Financial caregiving typically involves assisting your elderly relatives manage money, pay bills, submit insurance and benefit claims, and a support a variety of other financial responsibilities. Helping your loved one manage finances ensures that they will be able to pay for necessities and live more comfortably. Like most caregiving responsibilities, these supportive tasks often start out small and increase over time as your loved ones require more assistance.
Here are several financial caregiving tips for you and your loved ones:
- Plan ahead. Make a financial caregiving or support plan before a loved one becomes ill or disabled. Prior planning ensures your loved one is fully involved and can also help avoid conflict by ensuring all family members are aware of their roles and responsibilities.
- Know where to find important documents. Create a file for bank statements, wills, insurance policies, and other financial records. Make sure your loved one understands that you don’t want to pry into personal financial information—your main concern is knowing what documents to look for and where to find them in an emergency.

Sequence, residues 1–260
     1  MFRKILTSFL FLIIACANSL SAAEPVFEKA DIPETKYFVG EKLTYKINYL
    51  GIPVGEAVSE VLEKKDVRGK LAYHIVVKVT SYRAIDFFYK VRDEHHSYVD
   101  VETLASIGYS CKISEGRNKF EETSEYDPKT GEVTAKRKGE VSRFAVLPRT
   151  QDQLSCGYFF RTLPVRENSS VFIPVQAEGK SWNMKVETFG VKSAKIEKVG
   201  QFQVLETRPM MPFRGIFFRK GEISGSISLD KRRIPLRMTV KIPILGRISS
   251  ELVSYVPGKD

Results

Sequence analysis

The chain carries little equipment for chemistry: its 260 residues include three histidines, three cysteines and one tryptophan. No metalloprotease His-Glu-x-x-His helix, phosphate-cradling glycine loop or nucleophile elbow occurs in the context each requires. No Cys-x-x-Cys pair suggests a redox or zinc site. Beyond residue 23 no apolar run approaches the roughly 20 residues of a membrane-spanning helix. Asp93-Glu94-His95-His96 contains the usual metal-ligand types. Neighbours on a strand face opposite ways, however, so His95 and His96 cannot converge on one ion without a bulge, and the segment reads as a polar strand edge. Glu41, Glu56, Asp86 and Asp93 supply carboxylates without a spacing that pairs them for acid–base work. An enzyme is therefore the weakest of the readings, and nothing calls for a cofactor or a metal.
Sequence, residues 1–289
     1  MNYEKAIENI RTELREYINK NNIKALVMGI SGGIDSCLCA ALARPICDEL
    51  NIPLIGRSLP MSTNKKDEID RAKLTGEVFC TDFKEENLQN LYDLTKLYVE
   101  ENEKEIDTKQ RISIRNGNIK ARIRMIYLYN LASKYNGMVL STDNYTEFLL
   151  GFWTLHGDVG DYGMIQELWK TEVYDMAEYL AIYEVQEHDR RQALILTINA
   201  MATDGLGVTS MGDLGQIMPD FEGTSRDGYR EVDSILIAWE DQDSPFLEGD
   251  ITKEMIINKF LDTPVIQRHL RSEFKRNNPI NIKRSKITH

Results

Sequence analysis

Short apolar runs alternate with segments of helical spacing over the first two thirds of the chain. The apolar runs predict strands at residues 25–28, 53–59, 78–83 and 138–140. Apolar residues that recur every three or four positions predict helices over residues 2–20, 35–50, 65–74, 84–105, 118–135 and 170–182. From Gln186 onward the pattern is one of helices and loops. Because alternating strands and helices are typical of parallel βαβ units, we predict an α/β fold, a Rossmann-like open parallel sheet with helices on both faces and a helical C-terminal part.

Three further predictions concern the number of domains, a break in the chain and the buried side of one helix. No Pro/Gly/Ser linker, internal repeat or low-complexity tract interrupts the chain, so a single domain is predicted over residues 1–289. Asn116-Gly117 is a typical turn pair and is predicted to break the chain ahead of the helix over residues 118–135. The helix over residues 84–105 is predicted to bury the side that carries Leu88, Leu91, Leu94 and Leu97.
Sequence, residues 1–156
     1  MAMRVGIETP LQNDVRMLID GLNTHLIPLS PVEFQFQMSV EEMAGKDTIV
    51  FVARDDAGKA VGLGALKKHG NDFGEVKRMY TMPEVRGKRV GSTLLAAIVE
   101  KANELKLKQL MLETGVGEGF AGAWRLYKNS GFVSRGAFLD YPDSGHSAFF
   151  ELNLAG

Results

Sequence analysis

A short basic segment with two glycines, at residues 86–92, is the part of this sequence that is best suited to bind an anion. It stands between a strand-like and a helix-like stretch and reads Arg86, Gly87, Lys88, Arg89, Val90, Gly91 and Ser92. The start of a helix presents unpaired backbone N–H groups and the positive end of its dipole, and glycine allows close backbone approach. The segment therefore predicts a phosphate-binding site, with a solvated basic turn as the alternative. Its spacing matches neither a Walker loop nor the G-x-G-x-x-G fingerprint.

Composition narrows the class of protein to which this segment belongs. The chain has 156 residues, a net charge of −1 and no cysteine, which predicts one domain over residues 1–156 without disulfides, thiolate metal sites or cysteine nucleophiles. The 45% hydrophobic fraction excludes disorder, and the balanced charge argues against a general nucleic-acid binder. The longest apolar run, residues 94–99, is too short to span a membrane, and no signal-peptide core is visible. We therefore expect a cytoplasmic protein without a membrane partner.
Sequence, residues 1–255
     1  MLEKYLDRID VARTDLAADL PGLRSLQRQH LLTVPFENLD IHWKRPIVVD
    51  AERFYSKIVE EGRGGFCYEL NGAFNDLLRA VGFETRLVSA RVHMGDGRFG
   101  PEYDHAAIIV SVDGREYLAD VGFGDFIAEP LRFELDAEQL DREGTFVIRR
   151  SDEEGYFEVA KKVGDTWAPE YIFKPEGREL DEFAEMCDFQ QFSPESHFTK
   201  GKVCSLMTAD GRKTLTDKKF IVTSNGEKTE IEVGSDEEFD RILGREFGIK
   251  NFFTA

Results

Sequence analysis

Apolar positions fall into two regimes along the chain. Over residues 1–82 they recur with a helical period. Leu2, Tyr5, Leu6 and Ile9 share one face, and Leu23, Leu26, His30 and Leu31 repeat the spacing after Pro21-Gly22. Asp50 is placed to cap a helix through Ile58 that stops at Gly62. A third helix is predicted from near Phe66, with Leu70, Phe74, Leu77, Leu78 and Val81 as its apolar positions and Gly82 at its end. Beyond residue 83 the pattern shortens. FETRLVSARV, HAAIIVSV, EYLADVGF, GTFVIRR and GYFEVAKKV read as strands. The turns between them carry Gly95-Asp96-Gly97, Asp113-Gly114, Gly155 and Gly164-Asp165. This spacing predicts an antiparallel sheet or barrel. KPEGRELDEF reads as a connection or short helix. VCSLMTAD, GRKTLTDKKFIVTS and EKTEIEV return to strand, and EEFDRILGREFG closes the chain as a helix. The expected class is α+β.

- Respect your loved one’s opinions and desire for autonomy. Do not become overly protective and begin making decisions that your loved one can make on their own. Give as much control as possible to the person you’re caring for and involve them in financial decisions.
- Share financial decisions with the family. It may be efficient for one person to perform regular responsibilities, such as paying bills or making deposits. However, it is important to share this information with other family members and involve them in the decision-making process.
- Be aware of your potential liability. Any time you agree to share financial responsibility with or for someone else, you may be taking on unexpected risks. Consult with a lawyer before you sign any legal documents and make sure you understand any potential liabilities.
Juggling your work and caregiving responsibilities can be challenging. Remember to reach out for assistance if you need it. Contact your Component Employee Assistance Program (EAP) to request referrals for all of your eldercare concerns, including consultation with experts for a wide variety of financial issues.
Your EAP also offers practical financial information and planning tools. Designed to provide you with what you need to reach your financial goals, the EAP’s financial services program offers objective and targeted information on a wide range of topics. For more information, contact your Component EAP or send an email to email@example.com.